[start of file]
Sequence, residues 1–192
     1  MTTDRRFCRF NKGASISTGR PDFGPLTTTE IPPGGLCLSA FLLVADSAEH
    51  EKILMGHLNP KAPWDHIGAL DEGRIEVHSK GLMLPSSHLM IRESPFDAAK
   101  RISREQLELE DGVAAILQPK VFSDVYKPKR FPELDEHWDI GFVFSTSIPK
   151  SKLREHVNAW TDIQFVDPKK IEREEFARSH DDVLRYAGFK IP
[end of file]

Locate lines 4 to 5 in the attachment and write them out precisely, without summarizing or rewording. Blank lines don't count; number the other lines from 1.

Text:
   101  RISREQLELE DGVAAILQPK VFSDVYKPKR FPELDEHWDI GFVFSTSIPK
   151  SKLREHVNAW TDIQFVDPKK IEREEFARSH DDVLRYAGFK IP